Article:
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Deviance Deviance Chapter 7

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					Deviance Chapter 7
By Dr. John Brenner

China
• This chapter focuses on the changing definition of deviance • Keep in mind that almost any type of behavior can be called deviant • Definitions of deviance change across time and place

China
• Cultural Revolution from 1966-1976
– During this period people were punished for having positions of authority, leaning towards foreigners, academic interests and working to earn a profit – Suspected people were scientists, teachers, athletes, performers, artists, writers and private business people

China
• During the Cultural Revolution profit was condemned now it is acceptable • 220,000 foreign-investment enterprises in China— only 70,000 in 1993 • Beijing has luxury hotels and China is seen as the potential for the world’s largest market • People are ―jumping into the sea‖ (being capitalistic)

China
• China will be the site of the 2008 Summer Olympics • Since 1976 about 700,000 students from China have studied in foreign universities • Chinese factories provide about half of the world’s DVD players, 1/3 of the personal computers and 25% of cell phones, televisions and car stereos

Deviance
• Any behavior or physical appearance that is socially challenged or condemned • Conformity--behavior and appearances that follow and maintain standards of the group • Social control--methods used to teach, persuade, or force members to comply

Deviance
• Almost any behavior or appearance can qualify as deviant under the right circumstances
– Wearing makeup is no longer deviant in China – Cocaine was once legal in the US

• Consider who makes something deviant, some behaviors are deviant depending on personal characteristics

Chinese History and Context
• 1949--Mao Zedong declares the Peoples Republic of China • 1959-Great Leap Forward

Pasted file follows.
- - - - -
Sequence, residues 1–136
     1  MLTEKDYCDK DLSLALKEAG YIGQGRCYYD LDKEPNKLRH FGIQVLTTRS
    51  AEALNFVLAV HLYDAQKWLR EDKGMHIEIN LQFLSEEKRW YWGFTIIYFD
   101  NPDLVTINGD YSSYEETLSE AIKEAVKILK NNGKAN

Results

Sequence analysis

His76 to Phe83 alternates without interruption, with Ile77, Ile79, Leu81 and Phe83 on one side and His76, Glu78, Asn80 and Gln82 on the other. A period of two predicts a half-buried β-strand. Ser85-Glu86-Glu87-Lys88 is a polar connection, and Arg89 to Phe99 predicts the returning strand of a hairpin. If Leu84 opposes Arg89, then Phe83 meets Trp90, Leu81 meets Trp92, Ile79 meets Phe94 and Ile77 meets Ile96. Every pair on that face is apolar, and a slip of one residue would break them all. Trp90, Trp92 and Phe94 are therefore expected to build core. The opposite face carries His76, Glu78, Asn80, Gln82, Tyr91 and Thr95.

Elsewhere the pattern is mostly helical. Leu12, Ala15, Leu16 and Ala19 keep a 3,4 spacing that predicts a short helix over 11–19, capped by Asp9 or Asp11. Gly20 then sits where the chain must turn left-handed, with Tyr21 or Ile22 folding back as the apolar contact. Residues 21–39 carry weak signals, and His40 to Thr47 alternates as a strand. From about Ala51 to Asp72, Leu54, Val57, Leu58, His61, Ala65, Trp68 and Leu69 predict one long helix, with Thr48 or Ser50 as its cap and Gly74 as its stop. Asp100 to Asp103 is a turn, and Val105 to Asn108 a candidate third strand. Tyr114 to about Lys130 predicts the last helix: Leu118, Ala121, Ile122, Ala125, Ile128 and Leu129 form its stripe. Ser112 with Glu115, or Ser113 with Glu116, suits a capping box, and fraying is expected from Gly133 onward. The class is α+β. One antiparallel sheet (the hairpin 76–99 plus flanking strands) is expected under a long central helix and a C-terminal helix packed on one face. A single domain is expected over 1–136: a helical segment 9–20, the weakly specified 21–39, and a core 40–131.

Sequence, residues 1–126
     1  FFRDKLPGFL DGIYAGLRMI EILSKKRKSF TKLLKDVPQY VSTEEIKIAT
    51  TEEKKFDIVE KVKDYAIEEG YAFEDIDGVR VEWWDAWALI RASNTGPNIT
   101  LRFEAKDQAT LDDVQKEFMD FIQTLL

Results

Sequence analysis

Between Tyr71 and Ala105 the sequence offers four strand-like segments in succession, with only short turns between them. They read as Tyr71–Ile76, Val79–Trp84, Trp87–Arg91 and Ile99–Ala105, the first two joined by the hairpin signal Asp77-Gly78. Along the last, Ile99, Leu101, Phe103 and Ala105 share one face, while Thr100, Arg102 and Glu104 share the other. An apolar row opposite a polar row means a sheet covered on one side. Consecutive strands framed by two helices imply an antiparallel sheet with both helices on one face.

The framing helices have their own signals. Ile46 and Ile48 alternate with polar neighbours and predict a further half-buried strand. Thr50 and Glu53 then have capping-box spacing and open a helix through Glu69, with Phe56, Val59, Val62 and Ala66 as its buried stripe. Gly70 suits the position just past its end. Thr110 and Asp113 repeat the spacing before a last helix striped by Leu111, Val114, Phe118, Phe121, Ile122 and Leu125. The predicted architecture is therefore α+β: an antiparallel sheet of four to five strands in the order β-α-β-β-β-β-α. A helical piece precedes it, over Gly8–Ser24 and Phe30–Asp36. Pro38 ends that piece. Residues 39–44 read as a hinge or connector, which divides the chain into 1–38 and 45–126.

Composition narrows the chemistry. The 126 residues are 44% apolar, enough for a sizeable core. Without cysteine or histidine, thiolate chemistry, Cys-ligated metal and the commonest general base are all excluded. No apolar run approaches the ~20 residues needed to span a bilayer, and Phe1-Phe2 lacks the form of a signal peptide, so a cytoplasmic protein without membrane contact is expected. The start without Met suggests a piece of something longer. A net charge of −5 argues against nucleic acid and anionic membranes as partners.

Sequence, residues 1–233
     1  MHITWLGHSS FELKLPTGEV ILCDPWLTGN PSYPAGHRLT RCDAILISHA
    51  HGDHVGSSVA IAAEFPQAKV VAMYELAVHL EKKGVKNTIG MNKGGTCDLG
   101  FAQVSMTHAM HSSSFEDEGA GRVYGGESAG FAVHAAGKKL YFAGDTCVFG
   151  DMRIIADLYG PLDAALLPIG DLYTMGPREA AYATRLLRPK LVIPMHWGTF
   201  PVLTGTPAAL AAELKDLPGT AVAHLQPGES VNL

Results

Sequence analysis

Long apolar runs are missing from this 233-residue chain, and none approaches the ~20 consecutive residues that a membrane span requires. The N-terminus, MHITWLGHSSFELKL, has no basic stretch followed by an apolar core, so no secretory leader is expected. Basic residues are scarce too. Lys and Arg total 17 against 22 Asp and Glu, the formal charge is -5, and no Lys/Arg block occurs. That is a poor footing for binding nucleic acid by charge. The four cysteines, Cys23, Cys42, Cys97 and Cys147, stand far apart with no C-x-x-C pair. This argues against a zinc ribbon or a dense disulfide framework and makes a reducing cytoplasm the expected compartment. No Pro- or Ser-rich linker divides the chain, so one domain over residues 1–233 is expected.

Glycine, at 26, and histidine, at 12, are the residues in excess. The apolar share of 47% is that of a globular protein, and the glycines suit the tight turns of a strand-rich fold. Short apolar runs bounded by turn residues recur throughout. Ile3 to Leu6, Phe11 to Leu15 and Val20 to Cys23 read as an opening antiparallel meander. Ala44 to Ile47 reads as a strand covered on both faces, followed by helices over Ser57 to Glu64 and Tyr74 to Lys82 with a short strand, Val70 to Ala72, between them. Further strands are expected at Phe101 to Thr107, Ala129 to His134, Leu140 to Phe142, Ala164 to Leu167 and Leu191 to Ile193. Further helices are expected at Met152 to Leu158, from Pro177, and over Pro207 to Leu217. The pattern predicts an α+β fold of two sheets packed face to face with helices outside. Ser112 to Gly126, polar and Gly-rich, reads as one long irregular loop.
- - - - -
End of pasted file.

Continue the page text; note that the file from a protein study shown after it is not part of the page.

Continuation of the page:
– Attempt to catch up with the world – Overworked the peasants and was a failure in making more steel for China—building dams – Some Communist Party leaders were displeased with him—failed—30-50 million die

Chinese History and Context
• Cultural Revolution
– Mao’s attempt to reassert his power in China – He wanted everyone to be equal and he condemned many simple acts – Unleashed the youth through the Red Guards who terrorized people – This caused a 10 year lag in Chinese development

Chinese History and Context
• Mao wanted to get rid of the four olds— ideas, culture, customs and habits • Red Guards degraded teachers and caused physical abuse to people • The Cultural Revolution reduced people in China to not even dare to think in case their thoughts came out involuntarily

Chinese History and Context
• The Cultural Revolution ended in 1976 after Mao’s death • The ―Ten Lost Years‖ effected the entire society of China • To make up for the 10 lost years China sent students abroad and created Special Economic Zones which were capitalistic • Deng Xiaoping was the leader after Mao who sought to modernize China

Role of Context in Deviance
• During Cultural Revolution the society was out of control • A state of panic existed among the people that they were afraid to even think • Chinese people were humiliated because of being humiliated in front of others • Now over 700,000 Chinese are international students • China has a trade surplus with U.S. ($162 billion in 2004

Terms
• Folkways--customary ways of doing things • Mores--norms that define what is right or wrong--harder to break
– US--individual property, personal freedom, and privacy – China--conformity, collectivism, and obedience to authority (need to have approval to get married, have a baby, or get housing from the Communist Party)

Preschoolers
• Note the Chinese bathroom scene for children
• Chinese children are disciplined before they misbehave; American afterwards

• They are highly structured and socially minded-must suppress individual feelings
• We seem too carefree: they seem too structured

• Americans are disturbed by the bathroom scene and Chinese do not understand our system • Ideally conformity should be voluntary

Mechanisms of Social Control
• Sanctions--reactions of approval or disapproval • Positive sanction--approval or reward • Negative sanction--disapproval • Informal sanction--spontaneous or unofficial • Formal sanctions--rules, policies or laws with punishments

Functionalist Perspective
• Durkheim stated that deviance is normal
– Even in a society of saints there will be deviance – Crime is normal as long it is not excessive

• Deviance is functional
– 1. ritual of defining and punishing someone binds the group – 2. it makes people ready for change and the future

Labeling Theory
• Becker states that rules are socially constructed and they are not enforced consistently • People must decide what is deviant • Some people escape detection and some are treated as deviants when they are not • An act is deviant whether it is noticed by people

Labeling Theory